Don’t all of us parents want our children to develop healthy habits? For instance, we want them to make healthy food choices. We want them to get enough exercise and practice good hygiene. And we want them to do well in school and succeed in things they do. Unfortunately, reading is a healthy habit that is often overlooked. Some children dislike reading because they struggle to find a book that interests them. These five guidelines can help you learn how to help children find books they will love.
How to Help Children Find Books They Will Love
P.I.C.K stands for Purpose, Interest, Comprehension, and Know the words. Teachers and librarians use this mnemonic as they assist children on their book search. Children who have memorized P.I.C.K can usually find a book by themselves if given enough time and freedom to browse.
2. Five Finger Test
The Five Finger Test is a great way to assess comprehension by reading only one page of a book. Have the child open a book to any full page of words. Have them read the page, preferably out loud so you can hear too. As they read ask them to hold up a finger each time they reach a word that they do not know the meaning of and/or that they cannot pronounce.
- If at the end of the page, they are not holding up any fingers the book could possibly be too easy for them but if that’s the one they want it’s okay to let them try it.
- If only one or two fingers are held up then the book is appropriate based on comprehension.
- Three fingers mean that the book could be a little difficult but probably doable, especially if the child is excited about it.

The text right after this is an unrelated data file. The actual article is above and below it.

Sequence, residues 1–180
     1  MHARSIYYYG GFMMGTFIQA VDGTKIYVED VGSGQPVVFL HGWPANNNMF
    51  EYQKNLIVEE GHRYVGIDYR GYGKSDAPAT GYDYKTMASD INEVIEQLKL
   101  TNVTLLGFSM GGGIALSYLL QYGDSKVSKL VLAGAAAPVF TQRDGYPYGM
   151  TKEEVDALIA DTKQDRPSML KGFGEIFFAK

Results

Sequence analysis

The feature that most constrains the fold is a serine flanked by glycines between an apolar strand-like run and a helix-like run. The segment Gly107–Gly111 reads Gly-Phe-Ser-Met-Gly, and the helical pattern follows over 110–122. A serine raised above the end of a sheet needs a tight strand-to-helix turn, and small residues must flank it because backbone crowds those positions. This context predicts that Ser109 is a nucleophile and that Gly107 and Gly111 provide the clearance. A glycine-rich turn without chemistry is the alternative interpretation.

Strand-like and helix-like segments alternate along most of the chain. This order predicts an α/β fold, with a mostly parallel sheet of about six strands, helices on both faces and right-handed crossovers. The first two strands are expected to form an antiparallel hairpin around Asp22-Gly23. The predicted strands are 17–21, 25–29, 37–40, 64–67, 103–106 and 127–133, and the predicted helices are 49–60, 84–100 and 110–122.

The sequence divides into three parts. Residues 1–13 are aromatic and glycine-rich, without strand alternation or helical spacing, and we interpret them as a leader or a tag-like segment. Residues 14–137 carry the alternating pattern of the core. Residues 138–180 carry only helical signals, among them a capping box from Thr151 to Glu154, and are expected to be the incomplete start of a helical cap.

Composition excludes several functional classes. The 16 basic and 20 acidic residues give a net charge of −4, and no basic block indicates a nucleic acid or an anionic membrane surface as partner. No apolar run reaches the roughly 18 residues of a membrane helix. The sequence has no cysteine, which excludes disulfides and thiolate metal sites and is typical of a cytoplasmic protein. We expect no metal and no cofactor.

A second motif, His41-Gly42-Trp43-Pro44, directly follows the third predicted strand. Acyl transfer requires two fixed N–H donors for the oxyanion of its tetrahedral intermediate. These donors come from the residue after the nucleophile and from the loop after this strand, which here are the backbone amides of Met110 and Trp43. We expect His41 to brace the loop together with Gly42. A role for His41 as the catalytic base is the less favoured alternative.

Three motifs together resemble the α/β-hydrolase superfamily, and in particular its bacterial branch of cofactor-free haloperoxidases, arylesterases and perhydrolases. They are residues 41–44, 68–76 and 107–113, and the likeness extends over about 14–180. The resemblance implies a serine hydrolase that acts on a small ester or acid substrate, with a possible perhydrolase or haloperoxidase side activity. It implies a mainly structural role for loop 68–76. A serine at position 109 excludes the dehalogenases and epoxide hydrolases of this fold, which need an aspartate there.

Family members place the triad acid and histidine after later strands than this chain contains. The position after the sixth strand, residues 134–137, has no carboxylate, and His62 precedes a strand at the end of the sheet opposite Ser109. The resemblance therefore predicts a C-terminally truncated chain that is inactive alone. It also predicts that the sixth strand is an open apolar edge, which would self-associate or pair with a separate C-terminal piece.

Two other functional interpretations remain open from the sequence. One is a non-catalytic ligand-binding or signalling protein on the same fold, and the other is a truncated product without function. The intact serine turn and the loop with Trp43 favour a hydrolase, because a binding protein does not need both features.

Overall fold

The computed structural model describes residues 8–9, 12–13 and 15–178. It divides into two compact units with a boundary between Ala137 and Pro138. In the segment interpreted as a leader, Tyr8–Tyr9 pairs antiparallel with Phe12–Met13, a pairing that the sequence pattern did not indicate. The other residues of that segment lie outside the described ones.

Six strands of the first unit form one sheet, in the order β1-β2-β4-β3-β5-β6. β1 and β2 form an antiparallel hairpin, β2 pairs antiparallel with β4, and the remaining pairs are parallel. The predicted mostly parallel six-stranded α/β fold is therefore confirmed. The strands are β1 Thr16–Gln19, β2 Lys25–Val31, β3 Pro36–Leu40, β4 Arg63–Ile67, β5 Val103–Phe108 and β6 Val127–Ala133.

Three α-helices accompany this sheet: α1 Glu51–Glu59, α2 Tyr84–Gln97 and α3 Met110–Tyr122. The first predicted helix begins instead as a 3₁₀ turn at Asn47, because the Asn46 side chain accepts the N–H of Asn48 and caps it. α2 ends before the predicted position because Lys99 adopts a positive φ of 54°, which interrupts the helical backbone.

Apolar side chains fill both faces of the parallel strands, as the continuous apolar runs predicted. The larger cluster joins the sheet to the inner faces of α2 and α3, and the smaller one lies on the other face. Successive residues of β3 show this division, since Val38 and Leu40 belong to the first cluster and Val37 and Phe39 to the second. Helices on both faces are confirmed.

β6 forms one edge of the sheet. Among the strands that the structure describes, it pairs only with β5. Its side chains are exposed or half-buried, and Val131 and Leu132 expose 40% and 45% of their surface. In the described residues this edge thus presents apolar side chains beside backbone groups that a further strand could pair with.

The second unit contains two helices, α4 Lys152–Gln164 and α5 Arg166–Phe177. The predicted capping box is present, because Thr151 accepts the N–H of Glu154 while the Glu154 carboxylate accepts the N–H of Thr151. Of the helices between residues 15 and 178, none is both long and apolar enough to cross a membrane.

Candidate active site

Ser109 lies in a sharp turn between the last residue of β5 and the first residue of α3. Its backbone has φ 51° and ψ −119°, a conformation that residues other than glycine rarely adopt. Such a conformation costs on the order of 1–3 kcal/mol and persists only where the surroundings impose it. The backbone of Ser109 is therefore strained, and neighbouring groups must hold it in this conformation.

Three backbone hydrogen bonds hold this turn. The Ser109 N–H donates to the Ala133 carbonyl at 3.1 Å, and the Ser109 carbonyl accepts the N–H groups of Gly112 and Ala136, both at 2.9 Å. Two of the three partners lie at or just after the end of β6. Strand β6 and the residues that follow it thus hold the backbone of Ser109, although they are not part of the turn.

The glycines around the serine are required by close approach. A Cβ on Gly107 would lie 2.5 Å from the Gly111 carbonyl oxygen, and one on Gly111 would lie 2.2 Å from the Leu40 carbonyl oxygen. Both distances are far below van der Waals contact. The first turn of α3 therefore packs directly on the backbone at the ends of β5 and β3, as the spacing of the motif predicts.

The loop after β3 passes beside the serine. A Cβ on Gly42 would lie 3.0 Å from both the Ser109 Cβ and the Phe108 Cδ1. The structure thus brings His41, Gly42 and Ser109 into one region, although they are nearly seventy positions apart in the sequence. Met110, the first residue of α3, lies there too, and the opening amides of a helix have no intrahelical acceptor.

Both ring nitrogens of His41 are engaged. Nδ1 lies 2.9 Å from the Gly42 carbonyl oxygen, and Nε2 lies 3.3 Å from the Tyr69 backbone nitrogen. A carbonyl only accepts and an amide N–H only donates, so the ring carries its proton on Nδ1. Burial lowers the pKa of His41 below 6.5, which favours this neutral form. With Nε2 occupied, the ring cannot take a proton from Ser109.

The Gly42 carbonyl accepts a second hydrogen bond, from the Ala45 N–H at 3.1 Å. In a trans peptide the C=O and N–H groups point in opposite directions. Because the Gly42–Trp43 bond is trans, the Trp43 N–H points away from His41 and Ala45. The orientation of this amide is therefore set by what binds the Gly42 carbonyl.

- Four fingers mean it’s probably too hard and five fingers mean it’s time to choose another book or read with an adult.
3. Know the Child
Just like when your friend says “I read this great book, I really think you’ll love it too!” (and they are right) you, as the parent and chief knower of your child, will have an advantage when it comes to finding books your children will like. Consider what kind of imaginative play your child engages in and consider looking for books in that genre. Also, think about what books you loved as a child. However, it is important to remember that just because you loved a book when you were young doesn’t mean your offspring will love it too. Don’t get your feelings hurt!
4. Ask Your Librarian
Librarians get paid to know about books. Specifically, Children’s Librarians get paid to help suggest books for children. It’s their job to know about a lot of different subjects and genres so why not take advantage of them as a resource? If your child’s school has a small library or if your child feels like there is not enough time during library time at school, your local public library can be a huge help. After chatting with your librarian to get a few good ideas, make space and time for your child to browse through as many books as it takes for him to say, “this is the one.”
5. Choose Books Based on Upcoming Movies
Do you know of any movies coming out soon that were books first? Challenge your child to read the book before they see the movie counterpart. Or have them read the book that goes with a movie they already love; think titles like Diary of a Wimpy Kid, The Giver, The Hunger Games and Judy Moody. Even Home (you know, the one with the aliens and the little girl looking for her mom, and the cat named pig) was a book before it was a movie.
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